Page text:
I was at Nauset beach, lying on my belly, facing the water. I had on my baggy swim team bathing suit, the straps tied together at the back with a shoelace.

"…The land seemed almost dark as the water, for there was no moon."

My sister had gone off to collect shells at the water’s edge.

"...All that separated sea from shore was a long straight stretch of beach—so white that it shone."

Normally, I would have gone with her. But I was enthralled.

"...The woman laughed and took his hand, and together they ran to the beach."

I stopped reading to look up to the intense blue vastness, and the line that cut across the sky.

"A hundred yards offshore, the fish sensed a change in the sea’s rhythm."

Is that a fin?! No, no, just a duck resting on the surface.

"...The fish turned toward shore."

I’m almost positive it’s a duck.

"...The vibrations were stronger now, and the fish recognized prey."

Where is my sister? Did she go in?

"...The woman felt only a wave of pressure that seemed to lift her up in the water and ease her down again."

The beginning of Jaws continues to haunt me in ways that few books have, the words having somehow lodged in my impressionable gut, forever safe from my reasoning brain.

In the mid- 1970s, there were no great whites off the coast of Cape Cod. All that happened after the break in the Outer Beach, and once the seals established themselves. Now, when the waters warm, annual sightings are a common occurrence. Though no one has ever been hurt. Keep in mind, there has been no fatal shark attack in Massachusetts since 1936. But it doesn’t matter, does it? You read the book too. You know what I mean. The damage is done. Razor sharp triangular teeth imbedded in our psyches.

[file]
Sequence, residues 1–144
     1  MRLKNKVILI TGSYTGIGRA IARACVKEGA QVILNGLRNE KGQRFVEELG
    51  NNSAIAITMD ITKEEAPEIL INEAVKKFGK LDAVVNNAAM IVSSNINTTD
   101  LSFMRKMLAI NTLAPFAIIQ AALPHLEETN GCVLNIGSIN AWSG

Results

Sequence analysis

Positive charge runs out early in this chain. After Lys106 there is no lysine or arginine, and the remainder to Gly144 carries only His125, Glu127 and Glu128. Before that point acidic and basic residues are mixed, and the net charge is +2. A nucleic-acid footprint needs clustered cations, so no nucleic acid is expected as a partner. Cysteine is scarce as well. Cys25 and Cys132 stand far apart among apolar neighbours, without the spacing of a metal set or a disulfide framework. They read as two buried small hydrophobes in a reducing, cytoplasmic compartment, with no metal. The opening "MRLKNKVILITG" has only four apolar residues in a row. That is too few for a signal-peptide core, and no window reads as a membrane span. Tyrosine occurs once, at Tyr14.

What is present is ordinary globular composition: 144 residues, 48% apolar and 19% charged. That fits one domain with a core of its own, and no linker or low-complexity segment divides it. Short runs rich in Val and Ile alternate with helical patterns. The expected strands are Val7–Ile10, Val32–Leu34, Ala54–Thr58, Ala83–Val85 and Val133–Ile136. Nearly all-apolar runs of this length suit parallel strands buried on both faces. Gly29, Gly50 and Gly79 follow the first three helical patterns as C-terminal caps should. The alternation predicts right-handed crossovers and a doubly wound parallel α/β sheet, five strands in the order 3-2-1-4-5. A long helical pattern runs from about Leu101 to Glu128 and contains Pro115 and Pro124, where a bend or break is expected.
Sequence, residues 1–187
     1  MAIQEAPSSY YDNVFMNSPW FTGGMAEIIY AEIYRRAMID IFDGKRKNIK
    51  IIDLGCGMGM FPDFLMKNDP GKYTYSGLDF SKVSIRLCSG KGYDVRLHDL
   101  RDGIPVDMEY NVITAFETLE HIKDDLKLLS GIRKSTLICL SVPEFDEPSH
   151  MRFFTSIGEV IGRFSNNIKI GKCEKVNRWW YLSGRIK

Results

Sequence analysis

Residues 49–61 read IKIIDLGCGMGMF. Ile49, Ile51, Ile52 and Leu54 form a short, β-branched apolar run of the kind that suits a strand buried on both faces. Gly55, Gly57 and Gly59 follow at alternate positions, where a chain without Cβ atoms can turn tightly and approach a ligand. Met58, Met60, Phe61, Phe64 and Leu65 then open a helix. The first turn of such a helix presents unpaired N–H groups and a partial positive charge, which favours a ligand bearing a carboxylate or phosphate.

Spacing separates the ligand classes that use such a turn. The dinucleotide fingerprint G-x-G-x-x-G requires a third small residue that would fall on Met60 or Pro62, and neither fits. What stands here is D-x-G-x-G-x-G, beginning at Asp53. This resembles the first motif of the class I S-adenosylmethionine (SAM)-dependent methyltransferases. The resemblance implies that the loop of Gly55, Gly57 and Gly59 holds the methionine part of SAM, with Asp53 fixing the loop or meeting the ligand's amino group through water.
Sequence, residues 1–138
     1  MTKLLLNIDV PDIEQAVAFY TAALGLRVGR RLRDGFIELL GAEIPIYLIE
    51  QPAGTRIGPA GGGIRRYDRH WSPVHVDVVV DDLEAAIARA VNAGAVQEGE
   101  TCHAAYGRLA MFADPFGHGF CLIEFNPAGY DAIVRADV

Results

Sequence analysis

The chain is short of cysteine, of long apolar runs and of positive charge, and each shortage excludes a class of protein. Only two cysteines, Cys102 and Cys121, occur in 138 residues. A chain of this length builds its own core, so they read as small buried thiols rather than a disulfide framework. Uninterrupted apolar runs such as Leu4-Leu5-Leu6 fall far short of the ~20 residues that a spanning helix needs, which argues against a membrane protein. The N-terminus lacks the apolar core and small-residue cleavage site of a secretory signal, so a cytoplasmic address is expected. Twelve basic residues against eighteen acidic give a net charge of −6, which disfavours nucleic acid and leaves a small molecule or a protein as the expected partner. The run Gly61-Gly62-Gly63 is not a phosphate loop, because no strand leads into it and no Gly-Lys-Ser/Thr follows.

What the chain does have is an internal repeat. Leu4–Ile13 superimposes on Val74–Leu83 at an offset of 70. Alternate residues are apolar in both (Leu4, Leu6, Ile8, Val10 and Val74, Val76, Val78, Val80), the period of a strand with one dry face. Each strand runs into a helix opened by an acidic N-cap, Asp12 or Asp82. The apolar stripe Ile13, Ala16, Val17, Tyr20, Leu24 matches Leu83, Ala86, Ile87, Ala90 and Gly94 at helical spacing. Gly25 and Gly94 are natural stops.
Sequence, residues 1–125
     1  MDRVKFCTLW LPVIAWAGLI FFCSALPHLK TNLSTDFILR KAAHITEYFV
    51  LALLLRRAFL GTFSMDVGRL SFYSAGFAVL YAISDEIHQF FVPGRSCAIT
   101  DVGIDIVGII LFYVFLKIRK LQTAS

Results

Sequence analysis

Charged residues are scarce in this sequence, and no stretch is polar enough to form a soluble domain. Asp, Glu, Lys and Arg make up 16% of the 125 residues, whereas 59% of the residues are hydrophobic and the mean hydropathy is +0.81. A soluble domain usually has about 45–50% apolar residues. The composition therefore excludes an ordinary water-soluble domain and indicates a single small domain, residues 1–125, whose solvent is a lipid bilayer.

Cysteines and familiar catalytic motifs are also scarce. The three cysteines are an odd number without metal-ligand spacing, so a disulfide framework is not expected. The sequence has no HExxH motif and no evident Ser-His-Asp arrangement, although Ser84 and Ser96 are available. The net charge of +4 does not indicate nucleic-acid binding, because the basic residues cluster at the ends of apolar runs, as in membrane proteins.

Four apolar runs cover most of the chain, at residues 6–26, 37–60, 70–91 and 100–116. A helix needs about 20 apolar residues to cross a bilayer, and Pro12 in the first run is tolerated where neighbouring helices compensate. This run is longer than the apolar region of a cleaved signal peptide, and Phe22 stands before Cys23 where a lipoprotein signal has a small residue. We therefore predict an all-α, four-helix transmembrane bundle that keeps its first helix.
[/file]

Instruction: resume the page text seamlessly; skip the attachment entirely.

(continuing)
Monday, July 12, 2010

Eau de Lobster

This weekend I joined some friends on the outer beach for a clambake. Aside from the much-needed rain that pelted us for about an hour, and how, when it finally stopped, the gnats attacked, in my opinion it’s still the best restaurant in town.

Of course, after such a primitive feast, you come home sticky and sand-coated, with very big hair, cheeks plastered with corn kernels and lobster goo. It isn't pretty. With nothing but seawater to use to wash up, I’m guessing I didn’t smell so great either.

Then again, maybe I did. Enter Demeter’s Lobster Cologne, “not for the faint of heart. Probably our most obtuse fragrance but it is ‘dead on’ so to speak….a combination of the sea, sweet meat, and a hint of drawn butter.”

Dab a little behind the ears and you’re good to go. I’m not sure where but come the dead of February, when I start longing to be out on the beach on a balmy, moonlit night with a plate of red claws on my lap, I just might need to give this a shot.

(Other notable scents: Cocktail Party To Go, Crayon, Glue, Suntan Lotion, Between The Sheets and Daddy’s Little Helper…can’t even begin to go there on the last one.)

Thanks for the link, Linda!

Thursday, July 1, 2010

Recipe for a happy July.

Anyone can publish a novel but how many people have friends kind and talented enough to create for you your very own cocktail? This summer, belly up to the bar at the Saltwater Grille in Orleans and order a “Summer Shift.” Or have your own party.

(Please rest assured this recipe has gone through rigorous testing.)

The "Summer Shift"
1 part premium vodka (Ketel One, Stoli, Grey Goose, etc.)
1 part cranberry juice
Splash of Cointreau or Triple Sec
Splash of sour mix
Generous splash of key lime juice
Fill to the rim with soda water
Garnish with fresh lime

What's more, starting this week, you'll be able to sample the dishes at the back of Summer Shift at the Saltwater Grille. Clambaked Oysters, Hopkins Haddock, Proud Mary's Portuguese Mussels, and more. (And if you order a salad, chances are my kid will make it.)

Have a safe, happy summer!